How bad is “Monster Trucks”? Conceived quite literally by a 4-year-old — the son of former Paramount Pictures president Adam Goodman — the movie is held in such low esteem that the studio reportedly took a $115 million write-down on it before its release. Its arrival midway through January, always a bleak movie month, suggests Paramount would rather forget it ever brought it up.

For all that, “Monster Trucks” isn’t a complete fiasco. If you didn’t know what it cost, you wouldn’t rate it much worse than most of the kiddie stuff listed under the “suggestions” menu on your favorite streaming platform. “Monster Trucks” is the kind of junk movie desperate parents frequently turn to in order to get a couple hours’ peace.

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It’s directed by Chris Wedge, whose animated “Ice Age” movies have been serving that same function for years. “Monster Trucks” stars Lucas Till (of CBS’ “MacGyver” reboot) as Tripp, a high schooler in North Dakota who wants only one thing. No, not a girlfriend, as his moony classmate Meredith (Jane Levy) knows too well, but an engine for his truck. What Tripp doesn’t know is that the Terravex oil company has just drilled into an underground ecosystem, releasing a strange life form that guzzles oil and has the ability to spin an axle at high speed.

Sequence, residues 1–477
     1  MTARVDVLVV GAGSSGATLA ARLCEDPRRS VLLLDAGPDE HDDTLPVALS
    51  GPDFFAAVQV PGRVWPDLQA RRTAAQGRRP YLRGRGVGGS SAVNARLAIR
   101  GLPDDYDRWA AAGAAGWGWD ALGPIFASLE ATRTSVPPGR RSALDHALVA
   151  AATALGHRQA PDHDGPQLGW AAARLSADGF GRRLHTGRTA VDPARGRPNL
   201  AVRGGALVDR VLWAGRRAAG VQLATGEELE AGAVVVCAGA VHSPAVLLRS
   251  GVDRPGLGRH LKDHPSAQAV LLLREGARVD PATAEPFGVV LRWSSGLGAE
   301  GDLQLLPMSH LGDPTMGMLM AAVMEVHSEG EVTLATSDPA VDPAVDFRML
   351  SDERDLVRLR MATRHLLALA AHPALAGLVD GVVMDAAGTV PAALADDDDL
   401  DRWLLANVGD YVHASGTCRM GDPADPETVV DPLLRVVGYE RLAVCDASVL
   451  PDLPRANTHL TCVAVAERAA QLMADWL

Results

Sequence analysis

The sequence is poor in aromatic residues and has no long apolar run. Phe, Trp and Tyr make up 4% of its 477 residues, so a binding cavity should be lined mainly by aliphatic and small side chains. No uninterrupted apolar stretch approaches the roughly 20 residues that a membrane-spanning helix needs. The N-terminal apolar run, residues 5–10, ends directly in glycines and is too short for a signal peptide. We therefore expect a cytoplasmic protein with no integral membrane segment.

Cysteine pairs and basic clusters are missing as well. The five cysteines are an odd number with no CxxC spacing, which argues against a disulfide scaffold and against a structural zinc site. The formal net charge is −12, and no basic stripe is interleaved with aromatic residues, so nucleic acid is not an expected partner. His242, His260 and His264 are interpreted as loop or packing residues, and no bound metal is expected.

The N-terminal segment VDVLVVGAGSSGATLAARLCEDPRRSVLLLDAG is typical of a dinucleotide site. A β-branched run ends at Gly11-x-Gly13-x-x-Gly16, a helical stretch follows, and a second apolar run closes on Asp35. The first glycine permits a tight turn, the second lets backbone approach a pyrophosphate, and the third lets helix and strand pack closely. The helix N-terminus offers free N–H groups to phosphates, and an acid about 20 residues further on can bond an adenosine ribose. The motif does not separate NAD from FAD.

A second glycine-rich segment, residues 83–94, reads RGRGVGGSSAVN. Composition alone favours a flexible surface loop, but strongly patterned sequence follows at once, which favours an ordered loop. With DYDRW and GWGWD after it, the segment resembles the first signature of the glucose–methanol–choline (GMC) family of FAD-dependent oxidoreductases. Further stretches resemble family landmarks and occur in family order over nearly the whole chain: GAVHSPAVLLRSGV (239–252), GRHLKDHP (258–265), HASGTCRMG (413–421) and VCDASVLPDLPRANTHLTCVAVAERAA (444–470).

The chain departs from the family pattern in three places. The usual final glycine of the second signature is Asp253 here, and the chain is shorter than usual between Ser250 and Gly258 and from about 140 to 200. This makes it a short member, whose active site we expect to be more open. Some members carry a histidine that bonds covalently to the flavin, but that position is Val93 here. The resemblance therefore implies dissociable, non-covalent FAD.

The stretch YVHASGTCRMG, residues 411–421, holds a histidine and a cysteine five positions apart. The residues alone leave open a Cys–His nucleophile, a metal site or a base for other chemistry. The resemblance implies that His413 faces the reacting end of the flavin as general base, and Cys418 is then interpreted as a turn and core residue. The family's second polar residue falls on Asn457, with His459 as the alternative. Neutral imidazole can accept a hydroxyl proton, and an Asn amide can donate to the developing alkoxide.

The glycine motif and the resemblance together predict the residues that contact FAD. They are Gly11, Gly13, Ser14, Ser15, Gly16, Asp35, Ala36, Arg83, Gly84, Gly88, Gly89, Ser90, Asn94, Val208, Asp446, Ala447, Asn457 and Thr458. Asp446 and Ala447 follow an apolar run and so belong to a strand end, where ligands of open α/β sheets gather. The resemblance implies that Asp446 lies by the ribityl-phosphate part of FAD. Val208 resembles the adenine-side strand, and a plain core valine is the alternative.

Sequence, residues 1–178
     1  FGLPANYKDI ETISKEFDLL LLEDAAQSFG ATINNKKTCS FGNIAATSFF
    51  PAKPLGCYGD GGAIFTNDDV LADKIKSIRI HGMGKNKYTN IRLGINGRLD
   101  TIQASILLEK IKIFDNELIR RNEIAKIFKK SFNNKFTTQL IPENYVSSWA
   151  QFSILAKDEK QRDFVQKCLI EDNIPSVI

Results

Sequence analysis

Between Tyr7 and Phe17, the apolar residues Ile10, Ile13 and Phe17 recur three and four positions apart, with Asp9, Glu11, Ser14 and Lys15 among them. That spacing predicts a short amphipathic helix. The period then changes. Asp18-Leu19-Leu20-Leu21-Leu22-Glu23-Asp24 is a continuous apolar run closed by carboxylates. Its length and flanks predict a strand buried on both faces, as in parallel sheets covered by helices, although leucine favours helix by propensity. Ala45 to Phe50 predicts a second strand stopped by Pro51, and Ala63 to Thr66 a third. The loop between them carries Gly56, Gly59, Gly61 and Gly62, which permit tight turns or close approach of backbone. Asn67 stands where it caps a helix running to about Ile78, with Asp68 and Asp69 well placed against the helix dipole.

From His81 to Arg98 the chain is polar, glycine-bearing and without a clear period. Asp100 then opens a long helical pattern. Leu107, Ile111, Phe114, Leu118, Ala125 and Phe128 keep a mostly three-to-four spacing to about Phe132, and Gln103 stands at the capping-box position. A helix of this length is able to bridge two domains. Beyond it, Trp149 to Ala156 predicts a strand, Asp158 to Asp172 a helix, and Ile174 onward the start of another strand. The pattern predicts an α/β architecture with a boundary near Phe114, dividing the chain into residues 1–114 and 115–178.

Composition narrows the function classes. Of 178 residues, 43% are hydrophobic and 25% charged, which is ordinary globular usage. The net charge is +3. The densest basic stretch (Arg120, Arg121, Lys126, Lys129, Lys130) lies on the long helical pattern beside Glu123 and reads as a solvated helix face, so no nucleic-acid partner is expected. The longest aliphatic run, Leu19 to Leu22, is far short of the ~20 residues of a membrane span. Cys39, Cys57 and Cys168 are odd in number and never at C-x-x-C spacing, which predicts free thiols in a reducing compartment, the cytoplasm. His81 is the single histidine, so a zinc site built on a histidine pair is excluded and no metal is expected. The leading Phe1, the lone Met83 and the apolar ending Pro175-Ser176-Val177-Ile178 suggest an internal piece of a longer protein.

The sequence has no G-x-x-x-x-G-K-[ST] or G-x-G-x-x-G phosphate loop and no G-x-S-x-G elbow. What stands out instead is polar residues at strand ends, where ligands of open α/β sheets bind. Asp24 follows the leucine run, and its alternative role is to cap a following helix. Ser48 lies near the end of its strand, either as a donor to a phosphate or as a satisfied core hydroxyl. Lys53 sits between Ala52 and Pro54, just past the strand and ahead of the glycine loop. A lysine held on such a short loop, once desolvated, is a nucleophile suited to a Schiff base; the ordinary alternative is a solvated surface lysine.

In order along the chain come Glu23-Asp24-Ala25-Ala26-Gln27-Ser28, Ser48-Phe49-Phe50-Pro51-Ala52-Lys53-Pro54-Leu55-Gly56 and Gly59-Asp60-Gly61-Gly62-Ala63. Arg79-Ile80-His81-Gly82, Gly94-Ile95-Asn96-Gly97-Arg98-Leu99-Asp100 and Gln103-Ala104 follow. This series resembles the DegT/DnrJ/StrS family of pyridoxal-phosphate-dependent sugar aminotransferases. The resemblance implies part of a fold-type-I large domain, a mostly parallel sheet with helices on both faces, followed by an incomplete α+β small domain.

When boy meets creature — nicknamed “Creech” — it’s a match made in heaven. Creech, a CGI character who probably guzzled most of the movie’s cash, too, is an unlovely octopus-manatee hybrid with floppy tentacles and spiny teeth, but when Tripp discovers the big fella is also a living engine, they’re off to the races. Well, figuratively speaking; one of this movie’s many missed opportunities is that Tripp and Creech never take to a track to strut their stuff. Instead, they spend their time eluding Terravex bad guys and re-enacting the bicycle scene from “E.T.: The Extra-Terrestrial.”

Till and Levy look way too old to be teenagers (they’re in their mid-20s), yet their roles seem written for children. They’re supported by several fine but wasted actors, among them Amy Ryan as Tripp’s mom, Thomas Lennon as a knock-kneed scientist, Rob Lowe as a ruthless oil baron and Barry Pepper as the local sheriff. The simple-minded script, written by four grown adults, makes them all seem like amateurs. That said, my 9-year-old loved “Monster Trucks,” so maybe there’s hope for this movie yet.